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NFLPA files grievance in Tynes case

On way out: Safety Ahmad Black (43), a former Florida standout, was one of two players cut by Tampa Bay on Tuesday.
On way out: Safety Ahmad Black (43), a former Florida standout, was one of two players cut by Tampa Bay on Tuesday.
Published Oct. 2, 2013

TAMPA — Add this to the Bucs' growing list of off-field concerns: DeMaurice Smith, executive director of the NFL Players Association, said Tuesday that his union has filed a grievance against the Bucs relating to K Lawrence Tynes, who was sidelined for the season after a MRSA infection in August.

Smith, meeting with Bucs players as part of a regular tour of teams, said the grievance addresses "significant concerns about the manner in which that player and perhaps other players' safety was handled by the team."

Tynes was not placed on injured reserve, but the league's non-football injury list. The Bucs are paying his salary for this season as if he were on injured reserve.

Smith said the grievance process just started, but his goal is to assure proper treatment for other players.

"We will look forward to working with the league to try to figure out what the facts are and most importantly take steps that they and every team are protecting our players," he said.

Tynes and G Carl Nicks were diagnosed with MRSA infections in August. Nicks returned to play in the past two games.

ROSTER UPDATE: The Bucs cut WR Kevin Ogletree and S Ahmad Black on Tuesday. They also placed TE Greg Byhnam on IR with a calf injury. To fill the roster spots, the team promoted WR Chris Owusu from the practice squad and is expected to add former Rutgers and Bucs WR Tiquan Underwood.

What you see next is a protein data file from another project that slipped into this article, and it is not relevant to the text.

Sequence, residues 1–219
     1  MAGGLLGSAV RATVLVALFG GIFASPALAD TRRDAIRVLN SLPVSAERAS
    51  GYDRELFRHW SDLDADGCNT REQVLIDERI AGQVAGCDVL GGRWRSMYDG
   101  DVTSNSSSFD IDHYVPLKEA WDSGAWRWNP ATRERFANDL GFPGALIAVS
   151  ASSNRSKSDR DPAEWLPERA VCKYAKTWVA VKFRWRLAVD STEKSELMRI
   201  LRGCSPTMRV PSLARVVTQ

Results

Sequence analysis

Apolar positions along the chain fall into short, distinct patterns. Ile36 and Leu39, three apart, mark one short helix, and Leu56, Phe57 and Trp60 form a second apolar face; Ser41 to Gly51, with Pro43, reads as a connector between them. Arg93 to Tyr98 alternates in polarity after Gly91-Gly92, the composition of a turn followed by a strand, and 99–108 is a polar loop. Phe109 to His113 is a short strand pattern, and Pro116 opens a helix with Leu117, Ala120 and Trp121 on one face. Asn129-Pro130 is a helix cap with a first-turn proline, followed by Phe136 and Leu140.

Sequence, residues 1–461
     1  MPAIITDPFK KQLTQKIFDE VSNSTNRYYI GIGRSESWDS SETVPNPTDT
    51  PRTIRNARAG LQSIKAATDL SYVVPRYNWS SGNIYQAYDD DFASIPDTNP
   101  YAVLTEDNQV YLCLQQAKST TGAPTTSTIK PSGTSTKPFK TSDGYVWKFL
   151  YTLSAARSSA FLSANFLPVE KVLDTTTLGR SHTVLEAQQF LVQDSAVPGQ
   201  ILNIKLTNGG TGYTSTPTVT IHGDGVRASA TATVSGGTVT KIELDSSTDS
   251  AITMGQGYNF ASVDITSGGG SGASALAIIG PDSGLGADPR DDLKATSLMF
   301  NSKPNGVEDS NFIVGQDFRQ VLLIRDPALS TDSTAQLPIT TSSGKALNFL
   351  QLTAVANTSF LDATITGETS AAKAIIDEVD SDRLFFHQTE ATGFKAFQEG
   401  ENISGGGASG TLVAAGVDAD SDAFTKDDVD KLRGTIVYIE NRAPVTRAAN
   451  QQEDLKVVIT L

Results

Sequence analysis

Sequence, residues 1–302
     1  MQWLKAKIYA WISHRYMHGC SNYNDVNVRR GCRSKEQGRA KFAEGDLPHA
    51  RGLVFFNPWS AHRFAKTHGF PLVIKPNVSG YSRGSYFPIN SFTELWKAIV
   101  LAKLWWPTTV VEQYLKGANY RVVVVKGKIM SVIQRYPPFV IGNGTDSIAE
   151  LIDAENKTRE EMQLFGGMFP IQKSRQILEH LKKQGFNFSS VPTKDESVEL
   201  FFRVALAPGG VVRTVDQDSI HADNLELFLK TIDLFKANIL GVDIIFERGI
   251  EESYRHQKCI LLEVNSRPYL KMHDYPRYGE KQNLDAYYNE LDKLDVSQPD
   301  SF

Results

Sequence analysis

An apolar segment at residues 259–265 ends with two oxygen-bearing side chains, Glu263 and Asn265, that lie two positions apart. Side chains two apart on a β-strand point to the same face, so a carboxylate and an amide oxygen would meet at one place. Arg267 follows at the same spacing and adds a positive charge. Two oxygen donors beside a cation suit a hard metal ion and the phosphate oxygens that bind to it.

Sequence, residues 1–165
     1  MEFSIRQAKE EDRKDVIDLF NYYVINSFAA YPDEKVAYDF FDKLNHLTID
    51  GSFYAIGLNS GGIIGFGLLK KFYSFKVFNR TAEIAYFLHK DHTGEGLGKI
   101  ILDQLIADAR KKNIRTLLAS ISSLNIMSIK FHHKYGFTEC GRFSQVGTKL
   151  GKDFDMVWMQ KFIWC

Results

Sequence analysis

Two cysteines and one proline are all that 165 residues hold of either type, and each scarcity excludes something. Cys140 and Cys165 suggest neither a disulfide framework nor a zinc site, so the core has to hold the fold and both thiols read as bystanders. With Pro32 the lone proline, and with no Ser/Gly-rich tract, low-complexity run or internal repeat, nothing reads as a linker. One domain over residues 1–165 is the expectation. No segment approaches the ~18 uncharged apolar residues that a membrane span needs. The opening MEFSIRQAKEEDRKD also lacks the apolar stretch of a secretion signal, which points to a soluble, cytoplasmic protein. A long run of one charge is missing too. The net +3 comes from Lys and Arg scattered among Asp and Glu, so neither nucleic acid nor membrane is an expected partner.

Ogletree, who signed a two-year deal as a free agent from Dallas, had eight catches for 70 yards and a touchdown. Black had 36 tackles last season but the pass defense struggled in the second half Sunday as he filled in for injured starter Mark Barron. Coach Greg Schiano said he's optimistic Barron can return healthy from his hamstring injury in time for the Eagles game on Oct. 13.

FINALLY BACK: Offensive lineman Gabe Carimi, who started the opener at guard, returned to practice after missing nearly three weeks with an extended illness. Carimi said he battled a bacterial infection along with mononucleosis, dropping about 20 pounds while sleeping as much as 14 hours a day. He said he's being evaluated on a day-to-day basis.

ON THE ATTACK: Schiano is again facing criticism for having his defense attack a kneeldown at the end of a game, but he said he'll do it as long as he thinks it gives him a chance to win.

"We'll always examine each play. Should we still be running it? Should we not still be running it?" Schiano said Tuesday. "I do leave it up to the players, because — I'm not naive — I know it's a controversial thing. If our players feel we have a chance to win, they want to win. Last time I checked, that's what we're getting paid to do: go win. We'll play 60 minutes. It's an organized play. People know it's coming."

Arizona had two kneeldowns at the end of Sunday's 13-10 win, and the Bucs attacked both, knocking QB Carson Palmer on his back on the first. Cards coach Bruce Arians appeared to take exception, saying Monday only that, "That's their style … I have no comment on it."

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Cards K Jay Feely said on Twitter on Tuesday that the Bucs defensive linemen were apologizing for what they were doing, and Schiano said on his radio show that DT Gerald McCoy had motioned to show what was coming. Asked Tuesday how he would handle the practice if his players came to him as a group and asked not to rush the kneeldown, he said he would do what the players as a group preferred.

"As long as it's not one guy, it's the defense, sure," he said. "They're the ones doing it."


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